Cohen says that he has discovered a different form of "enlightened awareness," which he claims to be unique. He first called this "impersonal enlightenment" to reflect the fact that it was a realization shared between people rather than an individual attainment. He later changed the name to Evolutionary Enlightenment, both to reflect his belief that it indicates the next stage of the evolution of enlightenment and to convey the creative, world-embracing vision of spiritual awakening as an unending process of individual and cultural development.
A fundamental aspect of Cohen's Evolutionary Enlightenment is the distinction between what he sees as two fundamental, yet opposing, aspects of the human psyche: the "ego" and the "authentic self", In his teaching, ego is defined as "the deeply ingrained, compulsive need to remain separate and superior at all times, in all places, under all circumstances." The authentic self, on the other hand, is defined as "the urge to become more conscious".
According to Cohen and Wilber, "enlightenment" does not refer to an unchanging state, but has to be in accord with an ongoing evolution of humanity, which is the "Authentic Self." According to Cohen, individuals need to recognize that their own spiritual transformation is essential for cultural evolution. To achieve that, in Cohen's view, an individual should strive to realize his or her true self as being "one with the timeless Ground of all Being and with the evolutionary impulse that is driving the entire cosmos."
According to Wilber, evolutionary enlightenment means "the realization of oneness with all states and all stages that have evolved so far and that are in existence at any given time." Cohen believes that individuals need to transcend egoism to express the "Authentic Self." Through identifying the evolutionary impulse as their own Authentic Self, individuals can transcend ego, and find a deeper self-sense without relying on asceticism or solitude.
Cohen's ideas are co-inspired by Wilber's Integral Theory, offering an integral vision of the integral evolution of matter and consciousness. According to this theory, human development parallels the evolution of all being.2012: Mind Body Spirit magazine listed him at Number 28 on their 2012 top 100 most spiritually influential people alive today.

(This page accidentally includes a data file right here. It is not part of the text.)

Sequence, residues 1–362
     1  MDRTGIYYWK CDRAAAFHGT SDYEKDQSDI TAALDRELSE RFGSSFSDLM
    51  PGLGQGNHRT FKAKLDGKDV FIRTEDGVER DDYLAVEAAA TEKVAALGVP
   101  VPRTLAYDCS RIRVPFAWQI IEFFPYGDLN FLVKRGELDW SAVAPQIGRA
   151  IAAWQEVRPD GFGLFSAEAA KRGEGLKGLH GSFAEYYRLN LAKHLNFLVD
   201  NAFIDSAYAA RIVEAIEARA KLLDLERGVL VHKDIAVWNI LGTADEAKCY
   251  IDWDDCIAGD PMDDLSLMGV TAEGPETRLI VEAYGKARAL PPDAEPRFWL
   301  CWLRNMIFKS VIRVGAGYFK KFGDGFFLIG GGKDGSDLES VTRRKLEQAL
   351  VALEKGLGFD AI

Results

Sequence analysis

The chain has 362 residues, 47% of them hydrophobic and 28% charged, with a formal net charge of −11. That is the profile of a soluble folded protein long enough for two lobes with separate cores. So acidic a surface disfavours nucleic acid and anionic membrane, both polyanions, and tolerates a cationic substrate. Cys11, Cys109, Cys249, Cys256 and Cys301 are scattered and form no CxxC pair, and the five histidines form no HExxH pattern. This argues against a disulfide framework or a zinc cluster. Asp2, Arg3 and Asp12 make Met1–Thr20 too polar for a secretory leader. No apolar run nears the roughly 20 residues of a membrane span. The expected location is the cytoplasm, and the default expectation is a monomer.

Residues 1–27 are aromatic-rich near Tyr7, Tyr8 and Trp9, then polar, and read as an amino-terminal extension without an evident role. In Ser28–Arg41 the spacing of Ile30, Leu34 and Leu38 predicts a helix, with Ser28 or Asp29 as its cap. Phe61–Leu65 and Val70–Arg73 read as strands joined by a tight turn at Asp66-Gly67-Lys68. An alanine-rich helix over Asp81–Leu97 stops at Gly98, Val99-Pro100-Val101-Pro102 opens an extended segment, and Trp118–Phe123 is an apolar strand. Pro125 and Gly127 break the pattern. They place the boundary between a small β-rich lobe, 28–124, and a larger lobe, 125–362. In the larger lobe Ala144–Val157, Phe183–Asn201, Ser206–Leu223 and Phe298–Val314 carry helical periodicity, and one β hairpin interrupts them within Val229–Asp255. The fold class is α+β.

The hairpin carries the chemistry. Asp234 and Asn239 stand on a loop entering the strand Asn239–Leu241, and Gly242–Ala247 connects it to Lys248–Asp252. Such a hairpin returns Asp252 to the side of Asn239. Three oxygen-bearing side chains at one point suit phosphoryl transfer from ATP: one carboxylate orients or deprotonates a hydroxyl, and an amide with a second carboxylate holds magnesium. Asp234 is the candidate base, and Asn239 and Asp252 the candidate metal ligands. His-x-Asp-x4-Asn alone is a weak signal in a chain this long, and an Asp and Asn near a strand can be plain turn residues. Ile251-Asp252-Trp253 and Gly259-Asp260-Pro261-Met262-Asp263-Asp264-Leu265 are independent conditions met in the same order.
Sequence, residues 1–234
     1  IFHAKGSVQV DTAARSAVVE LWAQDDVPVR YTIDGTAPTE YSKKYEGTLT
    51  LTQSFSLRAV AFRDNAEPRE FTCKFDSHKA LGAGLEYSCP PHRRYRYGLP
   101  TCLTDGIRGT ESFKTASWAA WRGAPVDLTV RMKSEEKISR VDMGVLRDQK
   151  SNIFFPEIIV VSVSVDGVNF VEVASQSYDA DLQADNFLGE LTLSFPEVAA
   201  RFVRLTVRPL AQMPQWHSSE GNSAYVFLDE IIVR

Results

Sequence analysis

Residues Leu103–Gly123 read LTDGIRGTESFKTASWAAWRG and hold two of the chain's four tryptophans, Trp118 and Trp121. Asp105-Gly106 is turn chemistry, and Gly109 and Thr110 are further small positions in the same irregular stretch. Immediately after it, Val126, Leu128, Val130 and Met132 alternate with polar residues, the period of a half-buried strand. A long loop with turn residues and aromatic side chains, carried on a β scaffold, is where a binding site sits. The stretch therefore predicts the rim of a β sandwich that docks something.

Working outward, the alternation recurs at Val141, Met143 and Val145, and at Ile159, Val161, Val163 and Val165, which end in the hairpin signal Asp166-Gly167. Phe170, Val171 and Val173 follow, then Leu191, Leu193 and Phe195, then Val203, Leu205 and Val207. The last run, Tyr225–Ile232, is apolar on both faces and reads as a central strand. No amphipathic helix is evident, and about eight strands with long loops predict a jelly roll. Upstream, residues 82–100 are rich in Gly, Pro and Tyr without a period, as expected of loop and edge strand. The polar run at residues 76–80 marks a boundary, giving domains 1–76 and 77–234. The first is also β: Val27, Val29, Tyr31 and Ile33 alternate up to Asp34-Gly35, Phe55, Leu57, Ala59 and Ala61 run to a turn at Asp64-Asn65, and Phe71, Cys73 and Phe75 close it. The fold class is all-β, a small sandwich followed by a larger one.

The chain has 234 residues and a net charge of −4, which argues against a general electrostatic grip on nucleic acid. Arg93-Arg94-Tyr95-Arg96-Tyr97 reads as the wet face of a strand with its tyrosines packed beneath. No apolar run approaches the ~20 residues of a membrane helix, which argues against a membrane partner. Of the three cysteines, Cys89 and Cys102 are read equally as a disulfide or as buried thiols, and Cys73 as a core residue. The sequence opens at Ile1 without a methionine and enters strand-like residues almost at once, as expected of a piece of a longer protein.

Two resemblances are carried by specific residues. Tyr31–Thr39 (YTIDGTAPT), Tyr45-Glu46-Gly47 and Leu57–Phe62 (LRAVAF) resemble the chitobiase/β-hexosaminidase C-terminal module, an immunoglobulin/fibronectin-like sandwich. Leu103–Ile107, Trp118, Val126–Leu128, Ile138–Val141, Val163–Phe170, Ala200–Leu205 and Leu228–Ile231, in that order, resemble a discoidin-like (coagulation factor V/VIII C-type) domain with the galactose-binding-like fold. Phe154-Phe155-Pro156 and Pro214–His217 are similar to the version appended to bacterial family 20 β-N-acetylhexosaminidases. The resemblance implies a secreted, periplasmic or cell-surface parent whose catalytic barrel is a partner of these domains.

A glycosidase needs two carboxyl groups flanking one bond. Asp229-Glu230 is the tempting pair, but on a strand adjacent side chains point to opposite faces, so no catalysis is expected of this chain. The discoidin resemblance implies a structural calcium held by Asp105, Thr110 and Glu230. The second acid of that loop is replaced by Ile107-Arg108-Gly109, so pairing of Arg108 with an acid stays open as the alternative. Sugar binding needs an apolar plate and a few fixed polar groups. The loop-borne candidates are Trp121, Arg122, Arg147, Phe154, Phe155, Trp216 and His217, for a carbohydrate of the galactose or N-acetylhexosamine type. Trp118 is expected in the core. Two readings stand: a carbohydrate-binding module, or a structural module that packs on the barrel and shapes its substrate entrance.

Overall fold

2011: Silver Medal in ForeWord magazine's Book of the Year Award, in the "Body, Mind and Spirit" category, for Evolutionary Enlightenment
2006: Kashi Humanitarian Award from Ma Jaya's Kashi Ashram's Interfaith Spiritual Community.
There have been numerous critics of Cohen. From books such as American Guru and Mother of God, to well supported blogs such as What Enlightenment? and EnlightenNixt.
Some of Cohen's former followers, including his mother, Luna Tarlo, have viewed him as a manipulative spiritual teacher. Tarlo wrote a critical book, called Mother of God, about her experience as one of his disciples. In a Psychology Today, article, published in 1998 entitled "Crimes of the Soul", Tarlo recounted how she became a disciple of her son who told her "to give way to him or their relationship would end" and forbade her "to express an opinion on anything". Tarlo said she "knew if I seriously objected to anything, I'd be kicked out" and stated that her son, formerly the "sweetest, sensitive kid, had changed into an unrecognizable tyrant."
André van der Braak's Enlightenment Blues: My Years with an American Guru alleges that Cohen demanded large sums of money and extreme and unquestioning devotion from his students.
American Guru: A Story of Love, Betrayal and Healing, by William Yenner and other former Cohen student contributors (foreword by Stephen Batchelor), allege authoritarianism, financial manipulation, physical and psychological abuse in Cohen's community, and discusses the challenges of healing after leaving the community.
Poonja himself has been sharply criticized for too easily authorising students to teach:
One of the tragedies of Poonjaji's teaching ministry is that he either told, inferred, or allowed hundreds of individuals to believe they were fully enlightened simply because they'd had one, or many, powerful experiences of awakening. These "enlightened" teachers then proceeded to enlighten their own students in a similar way, and thus was born what is known as the "neo-Advaita", or "satsang" movement in western culture.
Over the years, there were many indications that Cohen’s group was in difficult financial straits. In 2011 it officially ended publication of its magazine EnlightenNext. Cohen was accused of being a cult leader. As of early 2014, the EnlightenNext organization's main building on its property in Lenox, Massachusetts, which had been on the market for years, remained up for sale.
Cohen has written for The Huffington Post Big Think, and Speaking Tree,My Master Is My Self (1989), ISBN 1-883929-07-5
Enlightenment Is a Secret (1991), ISBN 1-883929-08-3
Autobiography of An Awakening (1992), ISBN 0-9622678-4-8
An Unconditional Relationship to Life (1995), ISBN 1-883929-04-0
The Challenge of Enlightenment (1996), ISBN 1-883929-14-8
In Defense of the Guru Principle (1999), ISBN 1-883929-27-X
Freedom Has No History (1997), ISBN 1-883929-17-2
Who Am I? and How Shall I Live? (1998), ISBN 1-883929-24-5
Embracing Heaven & Earth (2000), ISBN 1-883929-29-6
Living Enlightenment: A Call for Evolution Beyond Ego (2002), ISBN 1-883929-30-X
Evolutionary Enlightenment: A New Path to Spiritual Awakening (2011), ISBN 1-59079-209-2